While serotonin can be used more readily by the body during caffeine consumption, once the use of the psychoactive drug subsists, serotonin levels plummet. This significant and drastic drop in serotonin as a result of stopping caffeine often leads to feelings of sadness, lethargy, mood swings, and even at times, full depression.
Once a person abruptly stops the use of caffeine, the receptors responsible for binding to dopamine, acetylcholine, and serotonin—no longer have the the rewiring caffeine available to send their affinity for the feel-good hormones into overdrive. They must learn to work on their own once again. The wait for these hormone levels and receptors to get back to normal takes time, and this wait for self-regulation can be a grueling one.
To make up for this discrepancy in the availability of these key hormones, a person could try exercise, meditation, yoga, or other physical practices to make you feel good again without caffeine as a jump starter.
Exercising will release endorphins to make you feel good as a reward and will help train the brain to look to physical activity instead of caffeine as a means of increasing dopamine release and availability.
Creating a list of all the things in your life that you are grateful for is a great tool in releasing serotonin. Meditation and yoga can tremendously lower the accompanying feeling of uneasiness associated with caffeine discontinuation.
While serotonin and dopamine levels struggle to get back to normal, it can become increasingly difficult to concentrate. Even if you are able to complete your work or project that you typically require caffeine to get through, the rewarding feeling that accompanies the completed task, thanks to dopamine—will be lower.
No one operates at full capacity when they are sad, and while going through caffeine withdrawal, moodiness and a lack of internal motivation can make even the most medial tasks difficult.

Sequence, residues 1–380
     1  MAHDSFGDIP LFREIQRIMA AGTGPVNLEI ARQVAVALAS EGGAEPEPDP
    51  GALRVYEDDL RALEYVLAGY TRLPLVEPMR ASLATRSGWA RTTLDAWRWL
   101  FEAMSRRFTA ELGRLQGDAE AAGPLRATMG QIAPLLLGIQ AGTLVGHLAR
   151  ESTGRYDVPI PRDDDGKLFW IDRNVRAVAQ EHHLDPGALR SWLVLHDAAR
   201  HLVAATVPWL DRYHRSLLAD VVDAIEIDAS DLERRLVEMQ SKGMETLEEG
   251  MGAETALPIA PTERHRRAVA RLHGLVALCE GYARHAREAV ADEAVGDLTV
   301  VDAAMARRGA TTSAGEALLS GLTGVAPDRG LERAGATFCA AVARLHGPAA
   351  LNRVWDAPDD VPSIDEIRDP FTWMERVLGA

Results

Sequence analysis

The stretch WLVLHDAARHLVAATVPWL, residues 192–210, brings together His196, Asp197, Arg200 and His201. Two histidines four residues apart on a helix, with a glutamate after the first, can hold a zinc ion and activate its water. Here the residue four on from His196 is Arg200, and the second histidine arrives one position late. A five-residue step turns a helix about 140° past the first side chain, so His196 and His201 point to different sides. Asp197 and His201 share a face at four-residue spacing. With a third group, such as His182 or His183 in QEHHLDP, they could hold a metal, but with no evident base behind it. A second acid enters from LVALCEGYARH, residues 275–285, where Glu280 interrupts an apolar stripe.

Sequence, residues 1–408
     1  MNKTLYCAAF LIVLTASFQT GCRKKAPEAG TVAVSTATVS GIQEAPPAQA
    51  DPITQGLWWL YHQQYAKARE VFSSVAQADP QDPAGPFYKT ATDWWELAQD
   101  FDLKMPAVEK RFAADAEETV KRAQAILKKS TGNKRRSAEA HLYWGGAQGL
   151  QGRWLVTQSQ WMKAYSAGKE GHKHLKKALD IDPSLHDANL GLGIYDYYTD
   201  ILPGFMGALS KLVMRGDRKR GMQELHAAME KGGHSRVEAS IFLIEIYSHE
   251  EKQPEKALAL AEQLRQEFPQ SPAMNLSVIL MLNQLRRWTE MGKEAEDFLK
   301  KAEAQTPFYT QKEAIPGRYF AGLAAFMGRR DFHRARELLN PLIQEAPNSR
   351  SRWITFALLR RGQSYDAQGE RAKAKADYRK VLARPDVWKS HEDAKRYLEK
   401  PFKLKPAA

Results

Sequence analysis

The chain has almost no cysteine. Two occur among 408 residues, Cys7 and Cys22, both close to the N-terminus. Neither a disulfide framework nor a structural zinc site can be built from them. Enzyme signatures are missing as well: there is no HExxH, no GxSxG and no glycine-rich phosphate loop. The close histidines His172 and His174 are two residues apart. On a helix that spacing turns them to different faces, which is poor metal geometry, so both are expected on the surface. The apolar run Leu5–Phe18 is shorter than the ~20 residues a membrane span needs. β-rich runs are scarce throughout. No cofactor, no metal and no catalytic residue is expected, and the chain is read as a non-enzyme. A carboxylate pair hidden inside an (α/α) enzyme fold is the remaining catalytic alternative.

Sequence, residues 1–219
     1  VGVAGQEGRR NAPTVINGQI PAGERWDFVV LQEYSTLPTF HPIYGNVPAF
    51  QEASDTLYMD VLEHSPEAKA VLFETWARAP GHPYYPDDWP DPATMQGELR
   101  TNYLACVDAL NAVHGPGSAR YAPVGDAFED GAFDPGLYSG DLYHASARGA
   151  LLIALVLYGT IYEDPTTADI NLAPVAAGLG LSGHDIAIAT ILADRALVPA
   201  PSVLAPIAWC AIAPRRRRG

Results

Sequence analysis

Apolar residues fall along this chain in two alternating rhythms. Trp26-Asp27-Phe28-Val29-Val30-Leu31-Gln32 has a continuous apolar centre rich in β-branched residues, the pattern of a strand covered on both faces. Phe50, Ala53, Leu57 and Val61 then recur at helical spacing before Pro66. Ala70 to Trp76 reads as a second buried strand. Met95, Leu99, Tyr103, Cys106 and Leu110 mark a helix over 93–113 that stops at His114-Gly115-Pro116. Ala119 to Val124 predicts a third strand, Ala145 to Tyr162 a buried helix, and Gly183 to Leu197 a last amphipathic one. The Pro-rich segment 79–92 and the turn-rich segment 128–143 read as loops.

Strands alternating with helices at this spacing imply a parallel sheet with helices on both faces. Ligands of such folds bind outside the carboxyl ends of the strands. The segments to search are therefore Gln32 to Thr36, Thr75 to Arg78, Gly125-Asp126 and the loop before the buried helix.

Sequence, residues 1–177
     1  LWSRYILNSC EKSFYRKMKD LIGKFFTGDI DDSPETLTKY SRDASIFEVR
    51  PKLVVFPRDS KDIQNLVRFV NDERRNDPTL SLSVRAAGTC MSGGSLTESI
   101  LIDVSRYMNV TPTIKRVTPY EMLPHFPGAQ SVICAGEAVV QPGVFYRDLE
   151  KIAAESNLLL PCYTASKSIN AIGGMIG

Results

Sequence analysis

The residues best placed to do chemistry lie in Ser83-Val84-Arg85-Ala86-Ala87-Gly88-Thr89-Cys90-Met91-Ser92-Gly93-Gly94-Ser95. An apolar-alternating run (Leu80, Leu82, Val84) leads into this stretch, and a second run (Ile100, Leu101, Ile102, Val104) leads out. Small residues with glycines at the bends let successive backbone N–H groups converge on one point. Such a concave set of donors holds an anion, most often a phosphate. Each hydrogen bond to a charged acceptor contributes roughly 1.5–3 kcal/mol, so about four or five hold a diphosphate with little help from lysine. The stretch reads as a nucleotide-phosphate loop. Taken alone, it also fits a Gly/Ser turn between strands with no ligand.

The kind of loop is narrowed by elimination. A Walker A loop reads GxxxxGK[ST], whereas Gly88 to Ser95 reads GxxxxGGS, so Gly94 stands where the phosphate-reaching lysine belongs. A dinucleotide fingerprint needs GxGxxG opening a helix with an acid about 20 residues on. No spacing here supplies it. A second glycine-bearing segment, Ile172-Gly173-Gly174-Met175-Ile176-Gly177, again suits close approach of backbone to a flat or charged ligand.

To improve concentration during this tough time of caffeine detoxification, foods high in brain fueling omega 3s, such as fish and avocado, can protect and enhance mental performance.
Antioxidant foods such as blueberries can increase the cellular activities responsible for healthy brain processes such as concentration and can help reverse some of the wear and tear that heavy caffeine consumption can cause in the long term.
The most common complaint of those with the unenviable task of dealing with caffeine withdrawal is the overwhelming tiredness and lethargy felt during the period of body caffeine detoxification and the bounce back to normal hormone levels.
Along with all the other hormones that are affected by caffeine consumption, add adrenaline to the list. While taking in caffeine, the adrenal glands release adrenaline in high amounts. This is a huge contributing factor in that feeling that you can take one the world after you’ve had your first morning coffee or energy drink.
Once abruptly stopped, the adrenals no longer have the jumpstarting caffeine available to make them pump out adrenaline, and instead, they release the fight or flight hormone in amounts much lower than before the introduction of caffeine.
Compile the lack of energy producing hormones with the influx of sleep inducing adenosine now free to latch on to its receptors that are no longer blocked by caffeine, and you have a real one-two punch of sleepiness.
The best way to prevent these two things from happening all at once and in life altering levels, try to gradually taper off caffeine. This will allow your adrenals to get used to releasing adrenaline for natural reasons instead of just because they’ve seen caffeine.
The taper will allow for some caffeine to still be available to compete with adenosine even at decreased amounts, so you won’t feel as tired as if you just went cold turkey. Exercise and short bursts of intense physical activity can also help get your adrenaline glands back in working order.
Key Takeaways Of Caffeine Withdrawal
Caffeine is an extremely potent and powerful psychoactive drug. Its use completely rewires the brain and body and leads to dependence very quickly. Serotonin, dopamine, acetylcholine, adrenaline, and other hormones are directly affected by the chemical. This takeover of body functions causes the body to need caffeine to function properly.
The caffeine withdrawal felt from the discontinuation of the drug is immense and can make simple daily tasks seem insurmountable.
To make it easier on your brain and body, try reducing your caffeine intake slightly from week to week. This gradual taper, along with proper diet, exercise, meditation, and water intake—can help make the stoppage of caffeine much more pleasant and manageable.